How to set up agency supervisors for success

February 13, 2020

In photo above: EIG results project group from left to right: Ivan Panov, Zoe Barber, Amanda Roberts, Joshua Jowers, John Spencer, David Nostrant, David Herman (not pictured).

Formal training doesn’t always cover everything federal supervisors need to know. Supervisors across government often need practical help with personnel issues such as how to deal with employee grievances, poor performers and low morale.

Initial training for new supervisors, however, typically revolves around processes rather than people issues—for example, performance management systems and time and attendance tracking.

A group of federal employees who met during the fall 2018 Excellence in Government Fellows program worked on a project to rectify the situation. They shared with one another how their experiences with management training fell short and sought to create a way for new supervisors to share ideas and challenges and get feedback from peers about employee issues they encounter in their jobs.

The fellows knew of the “BrainTrust” pilot group that the Science and Technology Directorate at the Department of Homeland Security had recently started to bridge the gap between supervisors’ formal training and their actual daily experiences. This peer-mentoring program for supervisors in various departments across the agency enables them to meet regularly with trained facilitators to discuss their common experiences in government.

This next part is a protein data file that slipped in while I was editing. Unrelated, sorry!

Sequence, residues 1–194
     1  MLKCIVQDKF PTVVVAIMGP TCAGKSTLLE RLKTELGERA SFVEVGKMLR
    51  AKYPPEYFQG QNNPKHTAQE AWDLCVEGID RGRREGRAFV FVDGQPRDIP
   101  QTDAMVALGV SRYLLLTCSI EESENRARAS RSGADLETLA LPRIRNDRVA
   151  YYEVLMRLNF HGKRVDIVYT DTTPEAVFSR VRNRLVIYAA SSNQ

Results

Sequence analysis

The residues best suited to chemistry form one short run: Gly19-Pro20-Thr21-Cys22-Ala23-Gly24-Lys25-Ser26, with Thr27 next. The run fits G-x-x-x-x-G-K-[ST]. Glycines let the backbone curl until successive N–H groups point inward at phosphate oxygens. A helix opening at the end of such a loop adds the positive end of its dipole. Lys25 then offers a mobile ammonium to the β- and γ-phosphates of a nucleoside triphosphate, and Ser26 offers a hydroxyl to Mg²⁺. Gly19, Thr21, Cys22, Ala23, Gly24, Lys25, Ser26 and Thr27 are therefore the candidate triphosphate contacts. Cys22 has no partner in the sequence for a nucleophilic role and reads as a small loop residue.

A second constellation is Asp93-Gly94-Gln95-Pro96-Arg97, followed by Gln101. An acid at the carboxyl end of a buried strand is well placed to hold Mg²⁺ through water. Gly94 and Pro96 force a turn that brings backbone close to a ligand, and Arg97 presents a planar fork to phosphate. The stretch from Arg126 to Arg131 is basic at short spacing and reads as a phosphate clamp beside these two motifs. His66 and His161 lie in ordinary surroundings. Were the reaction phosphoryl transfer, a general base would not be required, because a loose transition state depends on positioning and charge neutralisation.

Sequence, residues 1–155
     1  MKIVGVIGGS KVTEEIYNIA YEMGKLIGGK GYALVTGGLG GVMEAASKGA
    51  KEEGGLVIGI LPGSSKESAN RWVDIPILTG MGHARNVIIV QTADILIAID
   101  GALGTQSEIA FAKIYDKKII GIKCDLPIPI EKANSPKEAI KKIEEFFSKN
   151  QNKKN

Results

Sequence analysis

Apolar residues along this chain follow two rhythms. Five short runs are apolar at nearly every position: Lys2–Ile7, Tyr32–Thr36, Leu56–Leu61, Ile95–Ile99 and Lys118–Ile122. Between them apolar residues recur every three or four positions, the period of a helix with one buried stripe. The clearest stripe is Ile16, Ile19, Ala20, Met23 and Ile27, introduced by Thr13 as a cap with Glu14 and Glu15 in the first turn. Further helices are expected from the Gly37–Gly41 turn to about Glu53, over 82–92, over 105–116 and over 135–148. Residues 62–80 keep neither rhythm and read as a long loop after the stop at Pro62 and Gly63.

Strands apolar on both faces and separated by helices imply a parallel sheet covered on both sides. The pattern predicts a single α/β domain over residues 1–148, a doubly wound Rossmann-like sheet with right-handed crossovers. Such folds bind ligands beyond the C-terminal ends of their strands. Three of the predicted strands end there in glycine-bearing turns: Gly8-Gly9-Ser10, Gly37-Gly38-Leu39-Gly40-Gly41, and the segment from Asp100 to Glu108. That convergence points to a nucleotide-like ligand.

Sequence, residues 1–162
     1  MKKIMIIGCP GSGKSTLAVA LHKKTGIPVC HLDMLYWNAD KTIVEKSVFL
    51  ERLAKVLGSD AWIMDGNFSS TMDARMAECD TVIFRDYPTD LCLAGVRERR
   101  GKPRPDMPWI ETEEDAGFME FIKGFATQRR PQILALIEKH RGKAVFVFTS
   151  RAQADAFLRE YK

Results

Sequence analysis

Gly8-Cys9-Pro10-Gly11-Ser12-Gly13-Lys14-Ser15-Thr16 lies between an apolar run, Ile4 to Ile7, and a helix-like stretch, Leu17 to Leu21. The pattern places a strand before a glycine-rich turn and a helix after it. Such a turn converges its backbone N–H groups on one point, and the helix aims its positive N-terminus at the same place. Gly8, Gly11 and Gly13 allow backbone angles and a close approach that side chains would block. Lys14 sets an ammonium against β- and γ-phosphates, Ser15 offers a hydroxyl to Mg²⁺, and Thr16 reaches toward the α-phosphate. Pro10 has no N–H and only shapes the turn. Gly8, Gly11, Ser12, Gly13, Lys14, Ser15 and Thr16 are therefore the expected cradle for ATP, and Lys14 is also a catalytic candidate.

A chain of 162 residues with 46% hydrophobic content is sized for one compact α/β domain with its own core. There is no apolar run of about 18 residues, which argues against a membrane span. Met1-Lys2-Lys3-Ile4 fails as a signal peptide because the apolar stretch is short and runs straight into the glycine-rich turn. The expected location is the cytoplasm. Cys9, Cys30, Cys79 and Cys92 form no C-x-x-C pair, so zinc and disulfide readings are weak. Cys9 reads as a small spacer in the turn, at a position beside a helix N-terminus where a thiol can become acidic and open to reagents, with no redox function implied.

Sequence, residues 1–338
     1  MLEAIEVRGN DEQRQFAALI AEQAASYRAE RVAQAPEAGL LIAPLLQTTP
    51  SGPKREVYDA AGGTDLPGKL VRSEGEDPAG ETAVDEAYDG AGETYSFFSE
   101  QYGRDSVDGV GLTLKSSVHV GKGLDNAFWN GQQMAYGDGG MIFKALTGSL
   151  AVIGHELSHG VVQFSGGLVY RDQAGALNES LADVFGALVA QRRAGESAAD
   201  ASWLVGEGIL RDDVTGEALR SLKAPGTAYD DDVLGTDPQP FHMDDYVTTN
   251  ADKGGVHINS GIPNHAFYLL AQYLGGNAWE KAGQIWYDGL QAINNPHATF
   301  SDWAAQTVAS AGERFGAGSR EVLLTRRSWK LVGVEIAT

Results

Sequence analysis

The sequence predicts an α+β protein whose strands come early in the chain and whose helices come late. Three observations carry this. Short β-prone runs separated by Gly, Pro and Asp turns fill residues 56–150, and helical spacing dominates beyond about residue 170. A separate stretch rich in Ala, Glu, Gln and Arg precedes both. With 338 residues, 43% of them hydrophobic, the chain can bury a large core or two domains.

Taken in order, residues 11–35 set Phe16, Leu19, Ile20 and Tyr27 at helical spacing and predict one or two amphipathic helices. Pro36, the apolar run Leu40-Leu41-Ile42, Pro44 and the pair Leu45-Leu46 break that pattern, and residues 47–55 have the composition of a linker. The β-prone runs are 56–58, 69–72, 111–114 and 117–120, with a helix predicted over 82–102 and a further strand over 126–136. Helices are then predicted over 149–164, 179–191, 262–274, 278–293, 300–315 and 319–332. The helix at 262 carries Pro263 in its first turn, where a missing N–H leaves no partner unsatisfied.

The BrainTrust group incorporates experiential learning, enabling participants to learn from one another, apply those lessons in their work, assess the outcomes and discuss with their peers to get feedback.

The EIG fellows developed research questions to interview participants in the BrainTrust pilot group about their experiences. They used the data collected to develop a framework that employees across government can use to start these peer-learning groups in their own agencies. 

The framework provides principles and best practices to help agencies implement BrainTrust groups, including guidance on:

  • Finding the right facilitator.
  • Determining group size.
  • Scheduling meetings and setting agendas.
  • Sustaining a BrainTrust group.

The BrainTrust pilot at the Science and Technology Directorate was so successful that the Directorate used the EIG group’s framework to start a second BrainTrust group. The EIG fellows received positive feedback from others in EIG as well as colleagues at their agencies, who expressed interest in using the framework in their departments.

The EIG fellows hope this low-cost method for agencies to provide professional development for supervisors encourages leaders across government provide opportunities for these managers to learn from one another and, ultimately, create stronger teams. Download the framework.

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